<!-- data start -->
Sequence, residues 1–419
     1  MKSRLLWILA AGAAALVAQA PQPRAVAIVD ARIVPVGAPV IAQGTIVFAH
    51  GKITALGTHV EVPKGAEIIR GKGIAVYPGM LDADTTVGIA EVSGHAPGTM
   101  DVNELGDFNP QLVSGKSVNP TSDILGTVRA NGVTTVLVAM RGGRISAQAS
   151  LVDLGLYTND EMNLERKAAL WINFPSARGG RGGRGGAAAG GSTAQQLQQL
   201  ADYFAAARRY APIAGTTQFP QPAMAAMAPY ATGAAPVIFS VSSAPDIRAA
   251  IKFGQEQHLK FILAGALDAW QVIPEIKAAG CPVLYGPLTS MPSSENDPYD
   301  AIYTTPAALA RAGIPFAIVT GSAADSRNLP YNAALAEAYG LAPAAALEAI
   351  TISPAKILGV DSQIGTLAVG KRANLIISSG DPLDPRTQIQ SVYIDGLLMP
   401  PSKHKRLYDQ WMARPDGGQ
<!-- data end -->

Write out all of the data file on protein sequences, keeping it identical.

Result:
Sequence, residues 1–419
     1  MKSRLLWILA AGAAALVAQA PQPRAVAIVD ARIVPVGAPV IAQGTIVFAH
    51  GKITALGTHV EVPKGAEIIR GKGIAVYPGM LDADTTVGIA EVSGHAPGTM
   101  DVNELGDFNP QLVSGKSVNP TSDILGTVRA NGVTTVLVAM RGGRISAQAS
   151  LVDLGLYTND EMNLERKAAL WINFPSARGG RGGRGGAAAG GSTAQQLQQL
   201  ADYFAAARRY APIAGTTQFP QPAMAAMAPY ATGAAPVIFS VSSAPDIRAA
   251  IKFGQEQHLK FILAGALDAW QVIPEIKAAG CPVLYGPLTS MPSSENDPYD
   301  AIYTTPAALA RAGIPFAIVT GSAADSRNLP YNAALAEAYG LAPAAALEAI
   351  TISPAKILGV DSQIGTLAVG KRANLIISSG DPLDPRTQIQ SVYIDGLLMP
   401  PSKHKRLYDQ WMARPDGGQ